B.C. artists paint their vision for an oil-free coast


Art for an Oil-Free Coast campaign brings together 50 artists to raise awareness of a proposed oil pipeline through B.C.’s rainforests

What Lies Beneath by Chil Thom
What Lies Beneath by Chil Thom
FEBRUARY 28, 2013
A group of prominent B.C. artists have teamed with the Raincoast Conservation Foundation to produce a series of works, an art book and two documentary films to raise awareness of a proposed oil pipeline that could have dire consequences for British Columbia’s coastal rainforests.

Last summer 50 B.C. artists including wildlife painter Robert Bateman, Aboriginal artist Roy Henry Vickers and Whistlerite Chili Thom ventured into the Great Bear Rainforest by boat to portray the stunning natural beauty found on B.C.’s coast and raise awareness of the Enbridge Northern Gateway Project that could see 525,000 barrels of oil per day transported through the region.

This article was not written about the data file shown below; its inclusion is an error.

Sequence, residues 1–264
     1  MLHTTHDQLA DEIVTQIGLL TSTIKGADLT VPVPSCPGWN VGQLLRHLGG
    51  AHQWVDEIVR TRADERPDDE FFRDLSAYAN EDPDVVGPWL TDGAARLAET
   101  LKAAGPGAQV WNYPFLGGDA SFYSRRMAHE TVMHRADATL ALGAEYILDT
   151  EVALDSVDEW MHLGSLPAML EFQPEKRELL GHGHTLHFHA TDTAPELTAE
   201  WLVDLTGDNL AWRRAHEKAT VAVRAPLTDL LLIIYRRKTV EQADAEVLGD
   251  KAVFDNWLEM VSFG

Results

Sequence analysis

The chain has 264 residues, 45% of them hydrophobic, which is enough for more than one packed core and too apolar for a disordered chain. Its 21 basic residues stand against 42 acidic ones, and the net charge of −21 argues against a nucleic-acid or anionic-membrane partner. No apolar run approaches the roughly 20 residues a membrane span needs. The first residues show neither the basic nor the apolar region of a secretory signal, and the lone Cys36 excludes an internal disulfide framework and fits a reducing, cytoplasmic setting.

“British Columbians are already convinced they know this is a bad idea, but what we wanted to do was have people across the country understand that it’s not just radical environmentalists, and it’s not just a few disgruntled First Nations, but it’s two out of three British Columbians and the entire

arts community that are very strongly outspoken against this project,” said Brian Falconer, Raincoast’s marine o

perations project coordinator and organizer of last summer’s Art for an Oil-Free Coast project. Falconer and the Raincoast Foundation are also involved in the ongoing energy board hearings for the Enbridge project, providing peer-reviewed information to decision makers.

 To read the full article please visit the Whistler Question website.

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Coastal wolf with a salmon in its month.
Photo by Dene Rossouw.